A film documenting the effort to stop this brutal practice won an Oscar last week.
Mohammad Jawad, a subject of the documentary Saving Face, with a patient who has suffered acid burns on her face / Naked Edge Films
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In a feel-good moment for Pakistan, a native daughter won an Academy Award last week - a first for the country. Sharmin Obaid-Chinoy, 33, took home the Oscar, along with her co-director, Daniel Junge, for their documentary "Saving Face." The film tracks the heroic work of a British plastic surgeon, Dr. Muhammad Jawad, who tries to rebuild the faces, and lives, of Pakistani women who have been terribly disfigured by an acid attack. Every year in Pakistan, about 100 cases of acid attacks are reported to the police, but many more go unreported. These are usually intimate crimes, perpetrated by family members, often vindictive husbands, but also disgruntled mother-in-laws. The victims tend to be young women who have displeased in some way - perhaps producing a daughter instead of a son; or not doing the mother-in-law's bidding. Some die, but many are left with horrific deformities that often render them blind, unable to eat or to carry on a normal life.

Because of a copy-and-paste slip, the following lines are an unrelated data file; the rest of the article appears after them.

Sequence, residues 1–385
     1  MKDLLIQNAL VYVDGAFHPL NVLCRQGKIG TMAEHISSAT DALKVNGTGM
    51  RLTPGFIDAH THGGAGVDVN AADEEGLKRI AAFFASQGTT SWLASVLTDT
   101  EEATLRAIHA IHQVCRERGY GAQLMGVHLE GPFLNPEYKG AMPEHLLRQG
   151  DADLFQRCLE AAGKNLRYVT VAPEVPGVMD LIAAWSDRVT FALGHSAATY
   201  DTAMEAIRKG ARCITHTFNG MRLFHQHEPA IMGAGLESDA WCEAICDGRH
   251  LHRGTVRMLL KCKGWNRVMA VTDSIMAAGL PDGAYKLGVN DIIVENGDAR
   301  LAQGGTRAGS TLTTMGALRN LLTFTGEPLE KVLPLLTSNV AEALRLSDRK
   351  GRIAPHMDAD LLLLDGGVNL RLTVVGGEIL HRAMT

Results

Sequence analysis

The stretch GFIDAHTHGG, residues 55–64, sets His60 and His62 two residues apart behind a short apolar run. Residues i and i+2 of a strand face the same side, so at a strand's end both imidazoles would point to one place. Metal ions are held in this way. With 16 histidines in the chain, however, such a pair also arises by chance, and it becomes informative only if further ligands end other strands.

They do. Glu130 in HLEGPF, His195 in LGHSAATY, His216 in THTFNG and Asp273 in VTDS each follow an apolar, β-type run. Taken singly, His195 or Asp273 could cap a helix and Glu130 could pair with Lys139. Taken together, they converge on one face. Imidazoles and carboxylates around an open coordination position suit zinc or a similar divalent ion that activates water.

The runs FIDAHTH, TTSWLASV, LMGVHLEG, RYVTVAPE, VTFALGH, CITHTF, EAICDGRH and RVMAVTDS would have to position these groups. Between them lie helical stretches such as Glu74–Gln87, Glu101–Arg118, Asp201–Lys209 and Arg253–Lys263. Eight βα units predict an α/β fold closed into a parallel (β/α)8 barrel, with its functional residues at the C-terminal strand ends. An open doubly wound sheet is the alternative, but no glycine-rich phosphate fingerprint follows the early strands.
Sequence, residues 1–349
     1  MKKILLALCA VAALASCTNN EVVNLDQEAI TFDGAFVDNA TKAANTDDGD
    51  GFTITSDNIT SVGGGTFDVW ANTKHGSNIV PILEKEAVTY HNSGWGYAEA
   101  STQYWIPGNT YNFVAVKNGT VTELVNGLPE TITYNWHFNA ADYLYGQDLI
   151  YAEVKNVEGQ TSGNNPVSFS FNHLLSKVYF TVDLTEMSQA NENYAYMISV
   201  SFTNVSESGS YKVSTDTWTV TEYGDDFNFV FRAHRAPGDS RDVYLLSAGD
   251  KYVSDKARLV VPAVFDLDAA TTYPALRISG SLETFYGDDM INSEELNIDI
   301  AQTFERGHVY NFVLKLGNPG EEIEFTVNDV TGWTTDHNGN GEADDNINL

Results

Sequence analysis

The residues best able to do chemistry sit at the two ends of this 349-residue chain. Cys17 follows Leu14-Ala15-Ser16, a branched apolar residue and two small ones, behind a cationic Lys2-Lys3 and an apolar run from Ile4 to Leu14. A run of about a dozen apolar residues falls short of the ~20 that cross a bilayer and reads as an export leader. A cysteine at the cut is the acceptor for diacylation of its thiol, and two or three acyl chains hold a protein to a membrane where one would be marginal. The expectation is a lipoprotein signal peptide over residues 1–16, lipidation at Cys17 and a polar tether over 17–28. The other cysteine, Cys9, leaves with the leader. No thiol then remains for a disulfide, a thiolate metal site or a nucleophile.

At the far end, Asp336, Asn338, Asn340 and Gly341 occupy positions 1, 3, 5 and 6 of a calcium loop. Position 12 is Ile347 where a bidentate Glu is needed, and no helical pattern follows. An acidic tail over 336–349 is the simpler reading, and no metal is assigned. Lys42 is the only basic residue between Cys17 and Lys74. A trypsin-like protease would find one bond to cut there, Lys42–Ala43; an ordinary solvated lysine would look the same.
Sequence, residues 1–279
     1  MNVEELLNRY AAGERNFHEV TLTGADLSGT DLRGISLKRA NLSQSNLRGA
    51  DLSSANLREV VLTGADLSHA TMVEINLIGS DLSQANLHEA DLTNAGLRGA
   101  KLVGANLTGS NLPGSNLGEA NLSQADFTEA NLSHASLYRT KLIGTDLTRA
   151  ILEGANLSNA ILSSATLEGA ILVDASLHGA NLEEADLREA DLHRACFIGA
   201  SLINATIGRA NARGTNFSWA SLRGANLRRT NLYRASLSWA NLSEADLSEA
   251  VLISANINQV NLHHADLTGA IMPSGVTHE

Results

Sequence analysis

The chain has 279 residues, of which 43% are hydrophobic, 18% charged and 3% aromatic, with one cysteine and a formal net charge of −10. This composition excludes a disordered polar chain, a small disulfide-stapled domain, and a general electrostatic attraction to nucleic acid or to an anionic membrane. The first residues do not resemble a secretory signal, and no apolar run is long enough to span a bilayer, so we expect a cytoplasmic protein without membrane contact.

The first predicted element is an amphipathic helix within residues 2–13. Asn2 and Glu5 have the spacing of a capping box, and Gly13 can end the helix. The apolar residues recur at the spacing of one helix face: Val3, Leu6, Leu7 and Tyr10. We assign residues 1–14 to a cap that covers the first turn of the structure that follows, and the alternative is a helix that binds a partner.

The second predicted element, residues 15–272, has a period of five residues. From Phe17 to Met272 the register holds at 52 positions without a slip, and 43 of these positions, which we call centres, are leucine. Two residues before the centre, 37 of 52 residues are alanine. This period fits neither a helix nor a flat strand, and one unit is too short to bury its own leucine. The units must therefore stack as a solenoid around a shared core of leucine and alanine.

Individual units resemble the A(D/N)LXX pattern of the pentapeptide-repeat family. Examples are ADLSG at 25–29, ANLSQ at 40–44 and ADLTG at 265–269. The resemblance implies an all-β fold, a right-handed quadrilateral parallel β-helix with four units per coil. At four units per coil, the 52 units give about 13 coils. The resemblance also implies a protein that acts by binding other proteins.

In 2011, Pakistan passed a stringent law to punish perpetrators, and the determined and courageous lawyers, activists, and legislators behind the bill are woven into the documentary. As acid attack survivors watched the proceedings, the Pakistan Senate unanimously passed the Acid Control and Acid Crime Prevention Bill, which imposes on perpetrators a prison sentence of 14 years to life and a fine of up to $11,160. However, it is too soon to say whether Pakistan will rigorously enforce the bill. While Pakistan is eagerly embracing the film's success, it is still not yet scheduled for release in the country. As Chinoy explained, "We're going to try to find the best possible way to show the film while ensuring that the women in the film are safe." American audiences can see it on HBO on March 8th.